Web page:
I am 57 and a survivor of childhood sexual abuse. I rarely divulge details but I will a little more here. Starting from age 14 months (yes MONTHS) until I was 16 I was beaten, burned, drugged, raped and sold. I had a forced illegal abortion when I was 13. Both my parents knew about the abuse; my father participated. I know I am not alone and I am writing this for myself and others like me who are 45 or over.
We suffered before help was available; before rape or childhood abuse was openly discussed except with the most extreme and obvious events. I was raised believing I had worth only for how much work I could do and for how I could satisfy a man. I was raised believing I had no right to say no to anything, to anyone, at anytime. I was raised without a basic belief in the sanctity of human life; even now I have a hard time believing in my worth as a disabled, older, overweight person who cannot work or attract a man. I have tried suicide three time, the earliest at age 3 ( I lit my nightgown on fire) and the last in early 2012 after my (recently brain damaged) husband abandoned myself and my two teen children.
My memories started when I was 32 and I have been in therapy for depression since. Only recently, since the last nonfatal suicide, have I been diagnosed and treated for PTSD.
I have found that I am one of millions, both women and men,in just the US that are under served by the mental health community. We are not recent victims, we can’t claim the flash of emotion that garners the attention of many caregivers. We have had to find ways to survive that caregivers see as successful coping mechanisms needing no attention or get treated for unhealthy coping mechanisms without the medical community realizing the underlying damage. We are outcast for our coping mechanisms: jailed for drug use or alcoholism; judged for lack of parental skills for unplanned, unwanted or even wanted children; we are discriminated against for our weight, judged self reckless and threatened with extra financial burdens for insurance or transportation (esp airlines) and discriminated against in the workplace; we are emotionally disabled and unable to cope with over stressed health, lives, and work. We fill 12 step groups without sometimes even knowing yet ourselves why we are the way we are.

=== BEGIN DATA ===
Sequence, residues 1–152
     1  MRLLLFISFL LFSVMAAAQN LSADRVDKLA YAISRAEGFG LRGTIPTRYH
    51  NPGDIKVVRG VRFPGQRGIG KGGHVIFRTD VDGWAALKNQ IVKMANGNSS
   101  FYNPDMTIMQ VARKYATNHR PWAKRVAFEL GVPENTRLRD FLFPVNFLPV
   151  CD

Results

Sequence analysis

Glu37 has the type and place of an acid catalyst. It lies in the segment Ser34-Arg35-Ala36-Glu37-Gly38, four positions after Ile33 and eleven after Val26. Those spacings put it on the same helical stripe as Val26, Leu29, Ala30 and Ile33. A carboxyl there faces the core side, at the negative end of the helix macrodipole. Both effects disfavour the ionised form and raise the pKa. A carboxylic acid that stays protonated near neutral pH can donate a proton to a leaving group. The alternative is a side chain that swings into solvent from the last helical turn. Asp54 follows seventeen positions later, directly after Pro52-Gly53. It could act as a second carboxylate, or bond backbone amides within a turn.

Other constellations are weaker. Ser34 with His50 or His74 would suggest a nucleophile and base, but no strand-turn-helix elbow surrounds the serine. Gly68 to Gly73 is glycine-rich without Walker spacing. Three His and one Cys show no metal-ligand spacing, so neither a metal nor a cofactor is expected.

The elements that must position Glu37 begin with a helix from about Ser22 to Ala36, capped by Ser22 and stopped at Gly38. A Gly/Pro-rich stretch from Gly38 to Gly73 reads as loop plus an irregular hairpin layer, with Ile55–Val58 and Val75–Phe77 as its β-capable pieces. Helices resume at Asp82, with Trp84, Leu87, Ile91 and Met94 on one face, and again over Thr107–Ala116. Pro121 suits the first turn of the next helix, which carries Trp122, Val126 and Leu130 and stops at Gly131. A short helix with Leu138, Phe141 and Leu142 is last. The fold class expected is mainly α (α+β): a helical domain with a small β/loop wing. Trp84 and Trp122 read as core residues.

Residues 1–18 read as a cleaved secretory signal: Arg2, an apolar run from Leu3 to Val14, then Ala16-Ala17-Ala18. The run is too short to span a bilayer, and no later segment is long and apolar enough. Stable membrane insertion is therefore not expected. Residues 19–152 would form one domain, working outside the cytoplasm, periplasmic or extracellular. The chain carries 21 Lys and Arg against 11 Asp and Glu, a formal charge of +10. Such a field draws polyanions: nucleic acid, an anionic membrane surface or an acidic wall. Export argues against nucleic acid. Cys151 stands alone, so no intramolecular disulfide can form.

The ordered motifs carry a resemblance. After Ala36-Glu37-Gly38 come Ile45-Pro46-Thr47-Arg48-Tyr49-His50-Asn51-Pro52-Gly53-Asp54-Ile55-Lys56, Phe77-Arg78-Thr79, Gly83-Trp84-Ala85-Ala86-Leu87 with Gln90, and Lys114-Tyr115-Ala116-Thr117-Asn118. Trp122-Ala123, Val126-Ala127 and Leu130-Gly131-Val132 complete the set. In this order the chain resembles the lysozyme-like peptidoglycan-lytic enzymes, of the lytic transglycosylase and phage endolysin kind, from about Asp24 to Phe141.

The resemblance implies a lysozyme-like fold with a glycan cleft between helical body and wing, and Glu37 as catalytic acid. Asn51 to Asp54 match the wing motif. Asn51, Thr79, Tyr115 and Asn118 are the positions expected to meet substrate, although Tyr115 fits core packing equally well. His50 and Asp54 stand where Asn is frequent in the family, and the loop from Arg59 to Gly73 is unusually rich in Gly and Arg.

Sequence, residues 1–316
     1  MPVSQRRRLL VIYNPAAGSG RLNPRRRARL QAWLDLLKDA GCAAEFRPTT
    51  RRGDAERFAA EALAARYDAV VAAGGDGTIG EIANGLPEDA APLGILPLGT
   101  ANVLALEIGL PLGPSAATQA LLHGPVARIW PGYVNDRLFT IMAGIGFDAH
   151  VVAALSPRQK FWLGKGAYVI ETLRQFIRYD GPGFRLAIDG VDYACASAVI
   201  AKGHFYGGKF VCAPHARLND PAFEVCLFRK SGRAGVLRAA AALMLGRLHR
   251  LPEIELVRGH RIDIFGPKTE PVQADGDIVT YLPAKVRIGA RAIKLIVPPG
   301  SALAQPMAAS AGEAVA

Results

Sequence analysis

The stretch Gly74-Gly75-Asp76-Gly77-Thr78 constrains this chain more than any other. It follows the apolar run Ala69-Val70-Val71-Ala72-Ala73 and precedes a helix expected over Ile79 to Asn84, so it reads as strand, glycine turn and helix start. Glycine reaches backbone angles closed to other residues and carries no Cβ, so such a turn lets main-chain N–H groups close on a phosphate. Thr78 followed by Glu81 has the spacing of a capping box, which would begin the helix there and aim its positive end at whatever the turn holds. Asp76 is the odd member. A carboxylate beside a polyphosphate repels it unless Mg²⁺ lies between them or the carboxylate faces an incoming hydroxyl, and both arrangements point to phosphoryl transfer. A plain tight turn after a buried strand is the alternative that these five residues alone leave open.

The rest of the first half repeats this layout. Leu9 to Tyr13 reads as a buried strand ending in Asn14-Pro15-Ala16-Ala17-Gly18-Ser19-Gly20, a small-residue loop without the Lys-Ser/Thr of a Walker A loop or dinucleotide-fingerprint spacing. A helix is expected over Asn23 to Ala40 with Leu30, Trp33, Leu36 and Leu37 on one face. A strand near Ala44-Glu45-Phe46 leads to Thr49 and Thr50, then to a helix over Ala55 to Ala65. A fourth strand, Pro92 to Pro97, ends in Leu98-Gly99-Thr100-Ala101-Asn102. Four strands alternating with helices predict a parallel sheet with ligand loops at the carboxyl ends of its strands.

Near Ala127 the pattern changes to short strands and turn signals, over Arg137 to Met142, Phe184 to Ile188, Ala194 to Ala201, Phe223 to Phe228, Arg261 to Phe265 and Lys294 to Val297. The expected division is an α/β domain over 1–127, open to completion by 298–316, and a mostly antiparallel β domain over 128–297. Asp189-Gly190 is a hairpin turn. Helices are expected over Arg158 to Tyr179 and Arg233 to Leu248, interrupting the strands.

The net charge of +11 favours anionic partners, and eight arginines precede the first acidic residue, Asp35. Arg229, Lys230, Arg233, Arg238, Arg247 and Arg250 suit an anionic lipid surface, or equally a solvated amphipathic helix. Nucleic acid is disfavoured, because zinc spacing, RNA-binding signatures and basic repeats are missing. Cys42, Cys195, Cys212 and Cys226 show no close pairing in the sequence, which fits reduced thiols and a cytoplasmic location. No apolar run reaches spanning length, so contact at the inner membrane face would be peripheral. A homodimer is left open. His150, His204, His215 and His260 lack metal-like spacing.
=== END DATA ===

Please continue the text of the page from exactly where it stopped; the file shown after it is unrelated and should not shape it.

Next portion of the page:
I fell our nation and especially the medical community need to look past our symptoms, past our coping mechanisms and realize that a huge percentage of over 45’s that suffer from what we now know are PTSD symptoms – especially depression, weight problems, substance abuse, relationship problems – that they take as basic causes of our health problems and see them as the PTSD and abuse/rape survivor symptoms that they are.
I finally was diagnosed with PTSD after my last nonlethal suicide. Even then, in long term (1 week) treatment, I was not able to see the PTSD therapists they had on staff because I was not military. One tech broke the rules and introduced me to one PTSD therapist  who I now see weekly. She has introduced me to the concept of Post Traumatic Growth, the first words I have heard that make me hopeful for a future not controlled by depression, out of control thinking and low self esteem.
It’s a shame I had to wait this long for proper treatment, but I feel most treatment is aimed at children, youth and young adults. It’s time to recognize that this is not a 1980’s and on problem but one that has existed forever, and certainly for many of our older and elderly adults. We deserve a healthy today and tomorrow.

Written by: Lori B.